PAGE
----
Review for The Luminous Heart of Jonah S.

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I recently received an advance copy of Gina B. Nahai’s latest novel, The Luminous Heart of Jonah S., an epic saga that offers readers a unique glimpse into the Iranian Jewish community. It took Nahai seven years to write this novel, and man did her hard work pay off! I’ve been in a reading rut for a while now, starting books and putting them down after a couple chapters out of disinterest and boredom. Then I started The Luminous Heart of Jonah S., and had to force myself to put it down so I didn’t fall behind on my work!

The story begins with the modern day murder of Raphael’s Son, a bitter and cruel Madoff-like villain notorious for conducting a massive Ponzi scheme that preyed on Iranian Jewish immigrants in Los Angeles and who went to great effort to take down the remaining members of the Soleyman family. By the end of chapter one Raphael’s Son has had his throat cut as he sat in his Aston Martin at the gates of his mansion in the Holmby Hills, and his body has mysteriously disappeared before the police arrive at the scene.

The narrative then jumps back in time to 1950s Tehran. It introduces the Soleymans, a wealthy and well-respected Jewish family with two sons. Raphael, the eldest, is plagued by intestinal parasites and sleepwalking due to his translucent heart, an inherited trait in the Soleyman clan that causes his heart to glow white at night and attracts moths and ghosts to him as he wanders the streets of Tehran. Because of Raphael’s poor health, his father has decided to bestow the right of heir onto the younger Aaron instead. This causes Aaron and later his young widow Elizabeth to become embroiled in a longstanding feud with Raphael’s Wife, a.k.a. the Black Bitch of Beshehr, who impossibly claims that Raphael’s Son, born thirteen months after Raphael’s death, is the rightful heir to the Soleyman fortune.

The feud lasts for decades, starting in Tehran with Raphael’s Wife and then passed down from Wife to Son, bringing it thousands of miles to Los Angeles where Raphael’s Son and Elizabeth and her daughter Angela relocate after the Cultural Revolution. It evolves and expands as the years go by, resulting in murder, suicide, kidnapping, and general tragedy for everyone caught in its crossfire.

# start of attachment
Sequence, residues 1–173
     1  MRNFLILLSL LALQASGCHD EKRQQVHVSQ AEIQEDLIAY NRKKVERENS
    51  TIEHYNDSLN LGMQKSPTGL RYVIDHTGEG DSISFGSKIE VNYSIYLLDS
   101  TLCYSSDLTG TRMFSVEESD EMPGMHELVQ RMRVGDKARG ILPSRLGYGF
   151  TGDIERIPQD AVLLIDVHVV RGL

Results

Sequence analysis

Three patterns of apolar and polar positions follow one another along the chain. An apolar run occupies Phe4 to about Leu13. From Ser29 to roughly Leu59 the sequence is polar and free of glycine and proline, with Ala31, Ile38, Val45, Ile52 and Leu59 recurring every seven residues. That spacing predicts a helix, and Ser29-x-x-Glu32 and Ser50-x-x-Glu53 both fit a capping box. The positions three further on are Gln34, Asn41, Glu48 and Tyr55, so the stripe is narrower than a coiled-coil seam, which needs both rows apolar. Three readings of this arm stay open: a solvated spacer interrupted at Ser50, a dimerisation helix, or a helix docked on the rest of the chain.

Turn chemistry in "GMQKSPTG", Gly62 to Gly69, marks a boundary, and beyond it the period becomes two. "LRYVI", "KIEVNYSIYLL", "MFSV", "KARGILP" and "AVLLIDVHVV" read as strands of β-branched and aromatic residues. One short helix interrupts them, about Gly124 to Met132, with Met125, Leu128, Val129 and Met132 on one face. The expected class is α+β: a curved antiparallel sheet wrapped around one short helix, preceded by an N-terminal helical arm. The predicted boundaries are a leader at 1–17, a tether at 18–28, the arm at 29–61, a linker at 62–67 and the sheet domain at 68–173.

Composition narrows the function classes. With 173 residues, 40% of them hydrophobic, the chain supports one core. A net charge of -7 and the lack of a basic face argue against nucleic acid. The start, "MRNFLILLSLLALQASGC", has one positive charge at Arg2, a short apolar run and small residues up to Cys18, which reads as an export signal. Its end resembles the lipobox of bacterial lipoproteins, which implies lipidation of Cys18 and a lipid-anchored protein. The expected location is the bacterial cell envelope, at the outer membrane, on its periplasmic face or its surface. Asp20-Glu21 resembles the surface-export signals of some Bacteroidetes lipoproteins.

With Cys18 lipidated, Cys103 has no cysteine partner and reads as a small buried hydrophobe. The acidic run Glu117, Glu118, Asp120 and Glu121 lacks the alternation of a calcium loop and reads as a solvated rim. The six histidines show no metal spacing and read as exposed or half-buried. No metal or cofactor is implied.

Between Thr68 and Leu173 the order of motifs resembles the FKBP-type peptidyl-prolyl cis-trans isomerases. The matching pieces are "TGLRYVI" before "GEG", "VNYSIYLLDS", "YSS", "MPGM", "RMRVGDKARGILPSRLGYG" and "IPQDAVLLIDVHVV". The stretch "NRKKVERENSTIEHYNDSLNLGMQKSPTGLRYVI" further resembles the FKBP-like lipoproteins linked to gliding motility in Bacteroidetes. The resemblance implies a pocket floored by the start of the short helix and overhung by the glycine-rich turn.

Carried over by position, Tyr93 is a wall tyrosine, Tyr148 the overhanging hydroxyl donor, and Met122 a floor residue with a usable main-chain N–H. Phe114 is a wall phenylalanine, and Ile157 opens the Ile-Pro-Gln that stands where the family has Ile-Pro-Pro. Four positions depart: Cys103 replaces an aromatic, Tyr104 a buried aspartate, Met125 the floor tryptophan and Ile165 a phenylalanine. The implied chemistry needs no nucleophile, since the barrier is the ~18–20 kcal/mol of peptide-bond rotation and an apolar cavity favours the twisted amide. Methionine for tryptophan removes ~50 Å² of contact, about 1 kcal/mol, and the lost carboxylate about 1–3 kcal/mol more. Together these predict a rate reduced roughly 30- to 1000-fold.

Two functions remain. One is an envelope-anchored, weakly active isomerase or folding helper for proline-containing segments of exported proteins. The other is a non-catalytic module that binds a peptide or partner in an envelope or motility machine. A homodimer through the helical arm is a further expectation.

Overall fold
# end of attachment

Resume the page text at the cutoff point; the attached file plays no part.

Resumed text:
My favorite quote in the book. Did I mention the prose throughout is fantastic?

My favorite section in the book. Did I mention the prose throughout is fantastic?

A lyrical and delightfully intricate book from start to finish, The Luminous Heart of Jonah S. is a remarkable piece of storytelling that defies genre definition and narrative convention. Nahai masterfully combines the murder mystery narrative with the family saga narrative with the Iranian Jewish immigrant experience narrative, all while incorporating elements of magical realism that are beautifully fantastical yet still firmly grounded in a realistic narrative world.

Not satisfied stopping there, Nahai also weaves together the stories of this large cast of characters whose fates are forever intertwined, seamlessly jumping back and forth between time and place to create a complex narrative that is simultaneously cohesive and extremely engaging. Each character is exceptionally well developed, though the real standout of the story is Raphael’s Son. He is one of the most conflicting characters I’ve ever come across, repulsive and reprehensible in every way, and yet you can’t help but pity him as his story unfolds. You understand why he does the terrible things he does, and while you never quite get to the point where you forgive him, by the end you come to empathize with his plight.

A true pleasure to read, The Luminous Heart of Jonah S. is an absolutely stunning piece of literature and one of the best books I’ve read all year. It’s a genuine page turner that I dare you to put down once you start. Two big thumbs up!

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Pearls Before Swine on Classic Literature

In honor of the announcement of this year’s Man Booker Prize winner later on today, an award that will push the winner one step closer to being labeled a literary classic, here is Rat’s rather cynical and snarky theory on what makes a novel become a classic. Here’s to hoping the winner doesn’t meet his criteria!

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